As the book progresses more characters are introduced, which would have probably made it a bit confusing for me to follow all, if I hadn’t watched the first two episodes of the show, where they were already introduced. Of course all these different characters have a strong connection with each other and it will all be revealed toward the end of the book.
Reviewing this type of book is really difficult without any spoilers because even one spoiler mentioned would probably give away the big secret. When you read the book, many things will be clear to you quite early on, although Jack will be a bit slower on the uptake.
So Amy disappears, Jack is trying to find her, Madison has her owns story to tell and we get to meet an ancient secret society which a specific goal and role to play in all this.
We read about a whole range of emotions experienced by the various characters, from sadness, anger to serious paranoia. The whole premise is short of fantastic and bordering on the occult and supernatural.
When I watched Jack on TV, his actions in lieu of his missing wife seemed a bit off. I know if my husband were missing, I would go about it in a different way. However reading the book it make it all clear and justified. As an ex-cop he has the skills to investigate and his actions come from a deep fear from within about his ex-wife, fear which so far hasn’t been translated all that much to the TV screen. Maybe there is another reason for her disappearance afterall. Of course, Jack needs to get to the bottom of it, and what he finds really gave me goosebumps. If such thing really existed for real…
I found the story well written, the suspense creeping up on us almost undetected. What I enjoyed a lot was Jack’s rather cynical and philosophical view on so many things about life. For example, this is what he has to say about advertising – the very field his wife works in:
“Advertising…it’s a profession that seeks to make people spend money so that folks they don’t know can buy an even bigger house. In this way it’s somewhat like organized crime, except the hours are longer”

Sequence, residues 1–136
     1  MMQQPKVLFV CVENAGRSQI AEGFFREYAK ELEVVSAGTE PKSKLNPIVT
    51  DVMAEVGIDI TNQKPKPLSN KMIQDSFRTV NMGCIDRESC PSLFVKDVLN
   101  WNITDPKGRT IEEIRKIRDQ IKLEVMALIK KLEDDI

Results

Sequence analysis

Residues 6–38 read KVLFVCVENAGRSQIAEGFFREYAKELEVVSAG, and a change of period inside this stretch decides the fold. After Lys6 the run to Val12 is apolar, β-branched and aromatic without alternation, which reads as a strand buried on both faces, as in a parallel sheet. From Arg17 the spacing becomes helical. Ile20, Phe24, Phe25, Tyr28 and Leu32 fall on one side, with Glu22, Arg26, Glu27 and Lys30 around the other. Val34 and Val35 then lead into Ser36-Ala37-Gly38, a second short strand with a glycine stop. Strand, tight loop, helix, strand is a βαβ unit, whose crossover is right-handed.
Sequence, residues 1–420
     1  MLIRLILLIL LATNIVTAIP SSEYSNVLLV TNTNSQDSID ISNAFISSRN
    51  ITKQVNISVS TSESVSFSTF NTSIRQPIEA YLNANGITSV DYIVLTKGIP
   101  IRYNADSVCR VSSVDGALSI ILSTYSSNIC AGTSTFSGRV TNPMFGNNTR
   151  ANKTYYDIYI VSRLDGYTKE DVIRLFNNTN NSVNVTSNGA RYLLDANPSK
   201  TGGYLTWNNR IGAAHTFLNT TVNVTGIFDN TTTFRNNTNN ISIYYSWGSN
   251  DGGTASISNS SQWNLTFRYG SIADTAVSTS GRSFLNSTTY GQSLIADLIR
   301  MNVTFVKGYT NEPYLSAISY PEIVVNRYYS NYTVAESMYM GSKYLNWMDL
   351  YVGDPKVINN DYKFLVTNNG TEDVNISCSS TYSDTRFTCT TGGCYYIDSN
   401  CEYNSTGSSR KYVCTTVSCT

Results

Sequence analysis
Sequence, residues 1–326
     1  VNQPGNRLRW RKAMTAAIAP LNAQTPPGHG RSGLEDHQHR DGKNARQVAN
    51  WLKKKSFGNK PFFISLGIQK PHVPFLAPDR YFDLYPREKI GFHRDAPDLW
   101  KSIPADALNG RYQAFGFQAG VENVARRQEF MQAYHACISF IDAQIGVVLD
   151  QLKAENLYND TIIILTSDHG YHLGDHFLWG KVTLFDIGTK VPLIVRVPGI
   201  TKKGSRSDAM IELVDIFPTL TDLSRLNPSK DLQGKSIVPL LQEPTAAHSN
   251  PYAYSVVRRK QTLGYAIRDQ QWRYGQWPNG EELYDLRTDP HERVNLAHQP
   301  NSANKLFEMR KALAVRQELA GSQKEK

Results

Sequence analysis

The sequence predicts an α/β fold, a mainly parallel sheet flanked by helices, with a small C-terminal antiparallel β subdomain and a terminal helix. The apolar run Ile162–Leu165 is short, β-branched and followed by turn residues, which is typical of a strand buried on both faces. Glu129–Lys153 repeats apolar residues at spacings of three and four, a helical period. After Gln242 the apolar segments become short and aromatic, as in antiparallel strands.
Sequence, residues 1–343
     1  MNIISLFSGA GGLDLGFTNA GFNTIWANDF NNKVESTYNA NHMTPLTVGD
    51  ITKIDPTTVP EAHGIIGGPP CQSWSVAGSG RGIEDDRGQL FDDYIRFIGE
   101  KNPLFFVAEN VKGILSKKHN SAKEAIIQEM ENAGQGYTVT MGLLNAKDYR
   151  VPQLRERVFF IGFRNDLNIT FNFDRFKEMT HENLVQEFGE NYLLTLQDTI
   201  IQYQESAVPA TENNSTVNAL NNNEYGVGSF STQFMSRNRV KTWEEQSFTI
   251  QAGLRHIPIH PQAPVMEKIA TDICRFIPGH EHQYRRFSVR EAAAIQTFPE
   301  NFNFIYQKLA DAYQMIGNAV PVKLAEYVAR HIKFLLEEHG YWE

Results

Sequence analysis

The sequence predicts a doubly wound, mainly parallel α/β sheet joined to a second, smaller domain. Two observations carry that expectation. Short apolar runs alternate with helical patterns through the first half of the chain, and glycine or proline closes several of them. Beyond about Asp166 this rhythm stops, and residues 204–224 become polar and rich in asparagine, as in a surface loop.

Having come from a similar job in the corporate world back in the day – this quote sums it up really well, scarily so indeed.
However the quote that really stuck with me due to it being so true on such a basic and raw level was this:
“When you meet someone you love, then you change for good. That’s why the other person will never know or understand the earlier you, and why you can never change back. And why, when that person starts to go, you’ll feel the tear deep in your heart long before your head has the slightest clue what’s going on.”
I think everyone has experienced this feeling and it’s horrible, painful and scary. Michel Marshall sprinkles the entire book with such nuggets of wisdom – yes, in the same book where gore, crime and supernatural are fighting for their own rightful place to take.
Overall this is one heck of a book. The only reason I give it 4.5 stars is because of the ending. I felt it far from satisfying, and if it’s really what I think it is – the author has to write a second book, because leaving us hanging like that after faithfully following him to the end – is just too much.
In the meantime I’ll be watching The Intruders on TV. I’m really curious to see how they resolve the mystery in the show and how they go around the strange ending.